Neelan Choksi on Tasktop’s VC Round and Austin “Growing Like a Weed”
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you could use a file browser and folders to manage all of your code. When you started hitting 1,000 classes of complex code, search came along and it made it manageable. We hit another echelon and even search wasn’t good enough. Instead of showing people all 10,000 classes of code, we just show the code that is relevant to the activity you want to do. That was the task interface that turned into Mylyn.
Switching processes completely [to look for code] is actually pretty hard for the human mind. Developers, when they context switch, it takes 25 minutes to recover, to be able to be productive again. This is mind memory vs. muscle memory. [With Tasktop] you can come back and be looking at the exact line in a Word document…where I was when I had to take a phone call. We solved the problem for one particular silo [for programmers].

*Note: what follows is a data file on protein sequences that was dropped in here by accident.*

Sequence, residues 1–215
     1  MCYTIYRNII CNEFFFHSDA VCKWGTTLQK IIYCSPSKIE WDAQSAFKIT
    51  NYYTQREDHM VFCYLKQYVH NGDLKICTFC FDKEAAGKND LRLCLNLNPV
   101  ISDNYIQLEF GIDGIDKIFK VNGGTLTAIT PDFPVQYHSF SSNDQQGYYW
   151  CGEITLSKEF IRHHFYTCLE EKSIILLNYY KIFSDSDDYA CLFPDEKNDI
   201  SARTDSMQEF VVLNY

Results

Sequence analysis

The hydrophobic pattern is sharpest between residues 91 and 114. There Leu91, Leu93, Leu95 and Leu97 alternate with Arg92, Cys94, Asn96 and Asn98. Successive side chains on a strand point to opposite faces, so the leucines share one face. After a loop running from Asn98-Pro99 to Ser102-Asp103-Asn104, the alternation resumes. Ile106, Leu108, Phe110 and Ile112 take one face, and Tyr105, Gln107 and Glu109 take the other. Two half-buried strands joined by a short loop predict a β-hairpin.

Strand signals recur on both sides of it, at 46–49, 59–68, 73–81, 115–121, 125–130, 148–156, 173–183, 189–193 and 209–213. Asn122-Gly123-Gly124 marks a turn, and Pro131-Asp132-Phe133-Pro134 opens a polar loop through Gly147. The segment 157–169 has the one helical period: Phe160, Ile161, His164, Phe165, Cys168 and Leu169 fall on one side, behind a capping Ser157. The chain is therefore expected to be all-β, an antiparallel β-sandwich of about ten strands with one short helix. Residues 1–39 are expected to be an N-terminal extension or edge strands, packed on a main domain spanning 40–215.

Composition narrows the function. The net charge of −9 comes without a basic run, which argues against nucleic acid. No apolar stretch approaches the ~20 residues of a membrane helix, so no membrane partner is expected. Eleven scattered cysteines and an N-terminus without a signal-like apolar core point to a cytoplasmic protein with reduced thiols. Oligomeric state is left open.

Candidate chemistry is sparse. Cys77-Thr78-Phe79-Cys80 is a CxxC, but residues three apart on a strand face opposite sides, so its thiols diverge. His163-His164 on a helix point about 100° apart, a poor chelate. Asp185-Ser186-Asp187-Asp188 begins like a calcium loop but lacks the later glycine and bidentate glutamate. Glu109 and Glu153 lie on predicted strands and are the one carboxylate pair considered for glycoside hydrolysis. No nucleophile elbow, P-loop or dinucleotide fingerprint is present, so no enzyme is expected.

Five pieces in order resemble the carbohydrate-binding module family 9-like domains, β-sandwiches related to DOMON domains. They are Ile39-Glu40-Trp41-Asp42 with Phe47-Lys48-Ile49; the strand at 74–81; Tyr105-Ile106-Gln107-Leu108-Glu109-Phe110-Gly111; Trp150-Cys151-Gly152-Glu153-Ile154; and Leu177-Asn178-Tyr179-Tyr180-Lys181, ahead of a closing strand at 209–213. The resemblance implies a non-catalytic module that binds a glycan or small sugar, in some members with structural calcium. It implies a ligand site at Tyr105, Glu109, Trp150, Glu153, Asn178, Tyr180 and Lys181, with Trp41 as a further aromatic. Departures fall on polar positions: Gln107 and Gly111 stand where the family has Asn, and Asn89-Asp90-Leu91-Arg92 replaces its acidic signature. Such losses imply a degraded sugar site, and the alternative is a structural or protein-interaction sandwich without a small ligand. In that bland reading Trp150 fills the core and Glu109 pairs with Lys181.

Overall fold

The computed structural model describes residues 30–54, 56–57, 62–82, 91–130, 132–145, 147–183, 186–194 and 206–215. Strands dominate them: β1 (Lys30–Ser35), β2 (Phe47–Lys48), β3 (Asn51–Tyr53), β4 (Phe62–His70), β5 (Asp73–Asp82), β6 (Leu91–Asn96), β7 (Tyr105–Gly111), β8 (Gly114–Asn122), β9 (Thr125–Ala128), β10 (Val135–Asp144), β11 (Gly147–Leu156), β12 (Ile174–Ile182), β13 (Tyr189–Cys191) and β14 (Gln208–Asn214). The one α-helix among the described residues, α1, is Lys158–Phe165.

Other people started approaching us: We really like what you’re doing for developers, bringing all this information for them in one place. I’m a tester; I’m an agile planner, business analyst. So Tasktop-Sync came from the idea that we needed to build something that allowed information to flow from one tool to another tool.
We don’t necessarily see a pivot ahead of this. We stumbled into a really, really big problem. What has happened is that we can prove technologically that we can solve this problem. We support 25 products that we do integrations with. To do this properly, we need to support 40 to 50 different tools. That would give us 80 percent coverage.
X: What are the plans for the funding? Will there be a major ramp up of employees?
NC: The primary growth will be in sales and marketing and business development, managing customers and partners, and getting the word out. We’re going to add some developers to grow out our integrations and breadth of services. We got to 70 people as a bootstrapped company. We envision being closer to 90 by the end of this year, and into the 120s by the end of the next year. Austin will be the fastest-growing office, percentage-wise.
X: You bootstrapped the company for seven years. Is that typical for a company like Tasktop?
NC: It’s not typical to be in bootstrap mode that long. Austin has an incredible bootstrap culture so, from my perspective, it doesn’t seem crazy as an Austinite. It didn’t make sense [to accept venture capital] for the first six years of our existence when we were figuring out what we were going to be when we grew up. You don’t raise … Next Page »